Quick Guide to Finding Best Water for Coffee

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First and foremost, I want to say that I am no chemist. What I do know that coffee is made up of 98.5% water and this water can have a huge impact on the taste of that joe. So after having this ah-ha moment (lol), I thought that I could possibly help you figure out what the best water for coffee is without boring you with the science details.

Water quality does affect your coffee’s taste. It’s actually responsible for bringing out the coffee’s best flavors. So, the mineral content, pH, and contaminants are a few things that can alter the taste. After all, if you are going to invest time and money on a good quality cup of coffee then you don’t need to let the taste of your water spoil the entire experience.

The answer if you don’t feel like reading the entire post:

I recommend a filter, even a pitcher filter. I’ll explain why in this post if you really want to know.

Tap Water

hand holding a glass while getting water from the tap

Tap water is everybody’s go-to for brewing coffee, especially if you are using a drip machine. It’s easy and readily available. But either way, no matter which coffee maker you choose, you may not want to get your water straight from the tap.

It contains traces of aluminum, copper, iron, chlorine and other contaminants.

The hardness of the water matters too. You don’t want soft water because it contains sodium ions that will make your coffee taste flat.

It is said by most experts that hard water is better because it can produce a stronger more flavorful cup of coffee.

You can always do a cup taste test of your own to figure out which water you prefer. All you need to do is make one cup with all the water methods you are considering and taste test them. You can then make a determination what your own preference is.

white coffee cup filled with black coffee

I have said it a thousand times, what I think tastes great may not be the same as you and that’s ok. I love that we are all different. It makes the world more interesting.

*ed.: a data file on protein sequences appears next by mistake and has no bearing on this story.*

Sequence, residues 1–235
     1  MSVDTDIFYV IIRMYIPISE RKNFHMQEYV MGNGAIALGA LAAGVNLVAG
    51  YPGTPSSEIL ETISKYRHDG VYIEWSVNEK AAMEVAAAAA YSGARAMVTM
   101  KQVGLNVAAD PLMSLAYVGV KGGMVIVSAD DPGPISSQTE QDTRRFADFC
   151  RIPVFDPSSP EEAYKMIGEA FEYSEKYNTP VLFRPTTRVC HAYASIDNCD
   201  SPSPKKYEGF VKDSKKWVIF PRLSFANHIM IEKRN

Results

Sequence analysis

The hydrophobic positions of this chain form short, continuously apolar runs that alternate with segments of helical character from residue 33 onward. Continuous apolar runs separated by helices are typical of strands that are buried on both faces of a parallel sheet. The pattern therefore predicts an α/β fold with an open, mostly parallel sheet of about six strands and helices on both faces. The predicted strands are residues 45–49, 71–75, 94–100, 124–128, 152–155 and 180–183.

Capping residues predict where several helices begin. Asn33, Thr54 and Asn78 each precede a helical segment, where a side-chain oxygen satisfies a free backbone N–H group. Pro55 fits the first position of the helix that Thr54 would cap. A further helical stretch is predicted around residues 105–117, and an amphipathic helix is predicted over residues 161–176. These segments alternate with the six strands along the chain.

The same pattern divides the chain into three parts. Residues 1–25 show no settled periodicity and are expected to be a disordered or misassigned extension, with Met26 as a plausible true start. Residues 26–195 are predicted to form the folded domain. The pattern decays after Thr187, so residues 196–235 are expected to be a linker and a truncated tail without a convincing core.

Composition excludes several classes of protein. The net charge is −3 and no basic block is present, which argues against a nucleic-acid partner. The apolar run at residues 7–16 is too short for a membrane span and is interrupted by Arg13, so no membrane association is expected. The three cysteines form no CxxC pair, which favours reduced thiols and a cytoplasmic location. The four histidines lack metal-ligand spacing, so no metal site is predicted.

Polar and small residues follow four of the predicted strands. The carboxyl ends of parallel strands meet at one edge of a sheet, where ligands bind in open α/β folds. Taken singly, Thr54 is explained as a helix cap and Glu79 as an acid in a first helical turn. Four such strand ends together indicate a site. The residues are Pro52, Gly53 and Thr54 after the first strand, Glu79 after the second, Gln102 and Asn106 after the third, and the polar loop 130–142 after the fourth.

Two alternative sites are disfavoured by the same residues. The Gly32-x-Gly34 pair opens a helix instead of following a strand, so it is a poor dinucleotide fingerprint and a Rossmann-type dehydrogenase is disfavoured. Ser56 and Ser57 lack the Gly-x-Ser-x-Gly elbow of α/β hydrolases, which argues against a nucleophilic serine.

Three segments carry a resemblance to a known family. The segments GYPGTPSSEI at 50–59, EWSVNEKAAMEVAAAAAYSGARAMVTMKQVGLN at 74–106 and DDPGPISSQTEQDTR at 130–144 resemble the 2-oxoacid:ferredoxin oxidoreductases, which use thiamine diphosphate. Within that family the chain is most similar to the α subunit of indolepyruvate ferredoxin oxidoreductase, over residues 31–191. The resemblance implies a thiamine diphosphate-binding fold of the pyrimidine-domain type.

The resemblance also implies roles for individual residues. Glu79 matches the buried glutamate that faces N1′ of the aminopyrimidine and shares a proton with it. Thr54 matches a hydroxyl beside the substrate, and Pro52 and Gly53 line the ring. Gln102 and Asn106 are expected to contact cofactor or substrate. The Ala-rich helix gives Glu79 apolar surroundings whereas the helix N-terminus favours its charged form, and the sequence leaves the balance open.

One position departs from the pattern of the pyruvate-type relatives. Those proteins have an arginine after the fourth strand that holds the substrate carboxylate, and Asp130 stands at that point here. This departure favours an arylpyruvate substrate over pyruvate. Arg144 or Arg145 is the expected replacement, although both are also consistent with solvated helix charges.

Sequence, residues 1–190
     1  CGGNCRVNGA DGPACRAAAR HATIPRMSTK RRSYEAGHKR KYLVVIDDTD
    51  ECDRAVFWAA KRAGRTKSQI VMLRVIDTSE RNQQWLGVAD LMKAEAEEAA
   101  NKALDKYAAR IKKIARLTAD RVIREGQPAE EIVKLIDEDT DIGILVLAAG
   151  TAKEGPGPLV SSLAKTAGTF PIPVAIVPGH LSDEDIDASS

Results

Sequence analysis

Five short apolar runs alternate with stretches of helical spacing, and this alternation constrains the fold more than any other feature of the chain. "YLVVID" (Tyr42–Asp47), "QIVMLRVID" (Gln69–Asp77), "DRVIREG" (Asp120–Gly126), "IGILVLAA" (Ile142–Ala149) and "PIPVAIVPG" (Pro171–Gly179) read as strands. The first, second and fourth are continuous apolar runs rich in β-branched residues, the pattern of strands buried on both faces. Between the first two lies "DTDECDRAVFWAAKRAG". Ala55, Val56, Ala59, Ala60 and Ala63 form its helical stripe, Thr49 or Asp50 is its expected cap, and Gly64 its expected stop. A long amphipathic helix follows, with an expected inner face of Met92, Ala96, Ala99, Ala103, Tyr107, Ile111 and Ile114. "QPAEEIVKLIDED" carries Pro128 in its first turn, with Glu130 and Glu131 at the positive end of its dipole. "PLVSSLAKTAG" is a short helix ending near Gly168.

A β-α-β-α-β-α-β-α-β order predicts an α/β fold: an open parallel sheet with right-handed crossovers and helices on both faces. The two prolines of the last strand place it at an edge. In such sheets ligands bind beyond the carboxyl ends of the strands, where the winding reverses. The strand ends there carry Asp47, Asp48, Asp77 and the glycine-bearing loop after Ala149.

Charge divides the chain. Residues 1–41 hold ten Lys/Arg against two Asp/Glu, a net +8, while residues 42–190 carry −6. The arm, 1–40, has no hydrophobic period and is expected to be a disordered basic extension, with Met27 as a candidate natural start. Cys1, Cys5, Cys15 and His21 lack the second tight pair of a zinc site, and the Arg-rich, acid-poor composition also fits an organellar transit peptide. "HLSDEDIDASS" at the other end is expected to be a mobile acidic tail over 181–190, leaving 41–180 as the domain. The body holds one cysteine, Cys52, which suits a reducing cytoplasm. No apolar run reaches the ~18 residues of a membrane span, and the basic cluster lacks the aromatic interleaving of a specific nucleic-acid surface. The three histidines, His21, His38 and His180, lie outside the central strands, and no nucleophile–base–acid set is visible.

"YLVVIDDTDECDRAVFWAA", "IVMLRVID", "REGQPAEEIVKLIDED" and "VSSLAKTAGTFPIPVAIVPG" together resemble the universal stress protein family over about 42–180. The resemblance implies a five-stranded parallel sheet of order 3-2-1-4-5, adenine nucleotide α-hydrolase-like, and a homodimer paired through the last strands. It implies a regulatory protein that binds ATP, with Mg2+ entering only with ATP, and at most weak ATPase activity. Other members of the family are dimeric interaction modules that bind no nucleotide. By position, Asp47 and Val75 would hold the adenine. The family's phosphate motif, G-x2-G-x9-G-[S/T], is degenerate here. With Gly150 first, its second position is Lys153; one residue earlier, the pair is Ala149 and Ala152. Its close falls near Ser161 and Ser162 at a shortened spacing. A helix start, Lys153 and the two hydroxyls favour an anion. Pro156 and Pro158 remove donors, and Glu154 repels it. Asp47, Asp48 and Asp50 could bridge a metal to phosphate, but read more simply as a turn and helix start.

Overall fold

Distilled Water

So if you have water that has been stripped of its ions and minerals in a machine (coffee maker) that has it, don’t you think it will take from the surrounding space? Yes.

The World Health Organization has said consuming distilled water prevents your body from being able to take in magnesium, calcium, and other essential elements.

There is a product that you can add to distilled water that will put the minerals back in and it is made specifically for coffee. As seen on shark tank, all you have to do is add one packet to one gallon of distilled water, shake to dissolve, and whola!

Reverse Osmosis Water

There is a debate about using reverse osmosis water. Some say it will produce a great cup of coffee but others say it can make your coffee taste flat. I guess it all depends on what their coffee tasted like before they used Reverse Osmosis.

Reverse osmosis takes out all the contaminants and minerals. You need some minerals to bring out coffee’s flavor.

You can always blend the water back in but who wants to do that?

Bottled Water

bottled water tipped over and water pouring out

If bottled water is all you have then use it but I would steer clear of it. Its hard to know what the mineral content is as well as the pH, and you don’t know the harness.

My Recommendation

My recommendation is filtered water. They will filter out the chlorine and contaminants without messing with the mineral content. And since we established the fact that minerals are needed for the best flavor, a filter is the right choice.

Filtered water is also good for your health. The filter takes out impurities. It also helps with nutrient absorption so if its good for your health and makes your coffee taste better, go ahead and make the switch.

But don’t stress about the coffee, at the end of the day just like with everything else associated with coffee, it is a matter of what taste good to you versus what tastes good to me.

I prefer to filter my water because of the health benefits associated with it and the fact that it is easy. I have well water and it has lots of sediment so filtering is a great choice for me.

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